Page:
TI:George Swan/History of the Communications Security Establishment

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I am not sure if this is the kind of thing that belongs in the Topic Informant namespace.

I just added a couple of sentences to the Communications Security Establishment section of the article on the Department of National Defence (Canada).

In the 1980s I worked at the University of Waterloo, and lived nearby. I had a friend who was writing an academic paper on the history of the Communications Security Establishment. If I recall correctly he eventually got this paper published in a journal called Cryptologia.

As he was preparing it he made an additional photocopy of one of the key documents he used, and asked me to hold on to it for him. He figured that the CSE would have liked this document to be classified, but it had been overlooked, and the possibility existed that, if the news that he was preparing the paper became known they might get a court order to seize this key resource from him.

I agreed to hold on to his additional copy. And I read it, and found it very interesting.

The document was a human rights commission report, recording the investigation of the human rights commissioner looking into the wrongful dismissal case of a department manager at CSE.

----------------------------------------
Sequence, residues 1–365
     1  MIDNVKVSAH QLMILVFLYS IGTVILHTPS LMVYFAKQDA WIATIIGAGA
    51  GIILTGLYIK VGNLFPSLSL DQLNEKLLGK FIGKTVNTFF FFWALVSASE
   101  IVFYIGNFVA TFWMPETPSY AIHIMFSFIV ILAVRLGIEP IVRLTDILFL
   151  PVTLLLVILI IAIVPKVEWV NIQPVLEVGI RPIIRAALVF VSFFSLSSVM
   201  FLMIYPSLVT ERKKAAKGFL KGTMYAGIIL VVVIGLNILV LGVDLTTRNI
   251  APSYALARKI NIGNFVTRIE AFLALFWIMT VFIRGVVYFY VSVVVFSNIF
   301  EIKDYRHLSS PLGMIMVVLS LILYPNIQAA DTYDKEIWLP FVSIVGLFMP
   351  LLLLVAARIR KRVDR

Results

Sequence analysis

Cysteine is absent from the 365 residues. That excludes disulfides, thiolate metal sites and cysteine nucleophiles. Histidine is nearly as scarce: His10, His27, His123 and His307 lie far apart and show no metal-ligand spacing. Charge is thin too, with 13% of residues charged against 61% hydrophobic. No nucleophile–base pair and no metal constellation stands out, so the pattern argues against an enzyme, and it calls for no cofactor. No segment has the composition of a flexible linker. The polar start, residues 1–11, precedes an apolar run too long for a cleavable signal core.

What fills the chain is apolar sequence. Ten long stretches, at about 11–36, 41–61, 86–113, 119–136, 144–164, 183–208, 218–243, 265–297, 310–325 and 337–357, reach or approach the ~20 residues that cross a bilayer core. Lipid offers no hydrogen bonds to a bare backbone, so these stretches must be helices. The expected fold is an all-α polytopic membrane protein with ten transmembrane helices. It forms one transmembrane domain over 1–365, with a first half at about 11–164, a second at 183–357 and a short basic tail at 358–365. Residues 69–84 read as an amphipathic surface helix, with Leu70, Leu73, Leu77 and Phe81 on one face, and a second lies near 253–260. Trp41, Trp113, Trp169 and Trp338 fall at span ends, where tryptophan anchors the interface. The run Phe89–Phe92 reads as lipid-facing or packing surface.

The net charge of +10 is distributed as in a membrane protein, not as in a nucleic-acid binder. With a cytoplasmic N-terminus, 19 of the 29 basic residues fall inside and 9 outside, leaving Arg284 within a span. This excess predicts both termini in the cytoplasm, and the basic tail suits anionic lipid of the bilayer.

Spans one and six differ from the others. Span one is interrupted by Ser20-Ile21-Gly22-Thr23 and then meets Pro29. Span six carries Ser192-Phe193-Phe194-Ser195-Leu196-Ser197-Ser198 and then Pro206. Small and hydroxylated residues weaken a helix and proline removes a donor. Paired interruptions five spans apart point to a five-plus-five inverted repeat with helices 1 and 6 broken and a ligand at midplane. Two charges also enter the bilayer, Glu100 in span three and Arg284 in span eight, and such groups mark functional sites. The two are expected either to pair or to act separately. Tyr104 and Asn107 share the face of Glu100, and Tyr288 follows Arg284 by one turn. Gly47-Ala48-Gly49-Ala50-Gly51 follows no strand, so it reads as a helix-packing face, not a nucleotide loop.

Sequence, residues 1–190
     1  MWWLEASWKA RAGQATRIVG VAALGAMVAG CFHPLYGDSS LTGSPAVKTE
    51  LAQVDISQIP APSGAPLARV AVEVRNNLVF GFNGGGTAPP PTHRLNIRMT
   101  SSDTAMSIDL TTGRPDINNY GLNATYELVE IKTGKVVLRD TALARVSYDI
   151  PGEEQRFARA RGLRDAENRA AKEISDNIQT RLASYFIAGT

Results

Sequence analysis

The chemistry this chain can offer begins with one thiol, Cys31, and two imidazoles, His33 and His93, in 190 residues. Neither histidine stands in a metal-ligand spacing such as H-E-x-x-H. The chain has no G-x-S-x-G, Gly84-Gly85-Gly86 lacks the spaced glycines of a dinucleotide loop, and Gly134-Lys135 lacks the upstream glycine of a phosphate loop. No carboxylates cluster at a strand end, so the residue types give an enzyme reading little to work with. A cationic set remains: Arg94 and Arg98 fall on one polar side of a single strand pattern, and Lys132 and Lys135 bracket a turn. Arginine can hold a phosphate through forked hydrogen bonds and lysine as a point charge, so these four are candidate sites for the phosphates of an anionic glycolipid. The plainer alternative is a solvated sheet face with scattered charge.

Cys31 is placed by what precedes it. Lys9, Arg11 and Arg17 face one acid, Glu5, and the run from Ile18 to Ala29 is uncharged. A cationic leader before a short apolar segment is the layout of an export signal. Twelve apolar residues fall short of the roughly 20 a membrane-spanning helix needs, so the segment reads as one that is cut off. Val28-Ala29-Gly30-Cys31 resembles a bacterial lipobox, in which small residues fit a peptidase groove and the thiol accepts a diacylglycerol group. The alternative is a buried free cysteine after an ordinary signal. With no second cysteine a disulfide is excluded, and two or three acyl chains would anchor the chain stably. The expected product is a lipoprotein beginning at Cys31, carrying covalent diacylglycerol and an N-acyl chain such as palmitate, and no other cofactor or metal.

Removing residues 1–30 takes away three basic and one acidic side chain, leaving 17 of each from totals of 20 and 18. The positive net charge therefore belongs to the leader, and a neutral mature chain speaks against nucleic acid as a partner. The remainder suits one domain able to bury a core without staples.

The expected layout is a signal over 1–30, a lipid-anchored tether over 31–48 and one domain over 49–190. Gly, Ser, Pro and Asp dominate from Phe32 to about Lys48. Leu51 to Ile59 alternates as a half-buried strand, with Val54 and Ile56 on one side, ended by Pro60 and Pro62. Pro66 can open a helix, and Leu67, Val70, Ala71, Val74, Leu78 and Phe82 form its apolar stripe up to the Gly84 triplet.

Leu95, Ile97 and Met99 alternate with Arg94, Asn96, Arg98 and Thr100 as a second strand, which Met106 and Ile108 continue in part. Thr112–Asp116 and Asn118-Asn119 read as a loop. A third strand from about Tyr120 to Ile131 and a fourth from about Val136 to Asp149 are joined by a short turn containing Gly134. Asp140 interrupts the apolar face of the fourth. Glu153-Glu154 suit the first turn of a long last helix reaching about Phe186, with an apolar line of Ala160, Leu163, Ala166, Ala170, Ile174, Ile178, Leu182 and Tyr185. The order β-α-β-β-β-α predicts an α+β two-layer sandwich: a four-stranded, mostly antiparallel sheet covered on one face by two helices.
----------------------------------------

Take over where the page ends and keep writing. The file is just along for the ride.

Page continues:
The report documented a power struggle between this official, a middle-aged woman in her fifties, and a younger, rising official, with PhD in mathematics. What the report noted was that the CSE had no supercomputers at the beginning of the struggle. Canada had the capability to intercept signals, and perform traffic analysis, but had no domestic capability to decrypt signals.

The young ambitious PhD initiated efforts for the Establishment to purchase a supercomputer.

Over the next couple of years about a dozen staff members who worked for the older manager were sent, in dribs and drabs, on exchange programs to the NSA. And when they returned, they were reassigned to work for the PhD. All of the names of the employees of this secret agency were published in the commissioners report, without being redacted.

Finally, all of her subordinates had been retrained, and assigned to work for the new guy. The older manager was offered the option of getting retrained too. But she wasn't sent to the NSA. Instead she was merely offered paid leave to go to a local University. Her paid educational leave was conditional on her marks. She had confidently agreed, because she had been an A+ student in CEGEP decades earlier.

However, she flunked out of her first year. And she was fired for failing to comply with the conditions of her paid leave. The Human Rights Commissioner noted that the head of security had dumped the boxes of her personal effects from her office at the foot of her driveway -- which didn't comply with modern human resources standards.

As I recall the Human Rights Commissioner required the Establishment to compensate the older manager with two years worth of salary.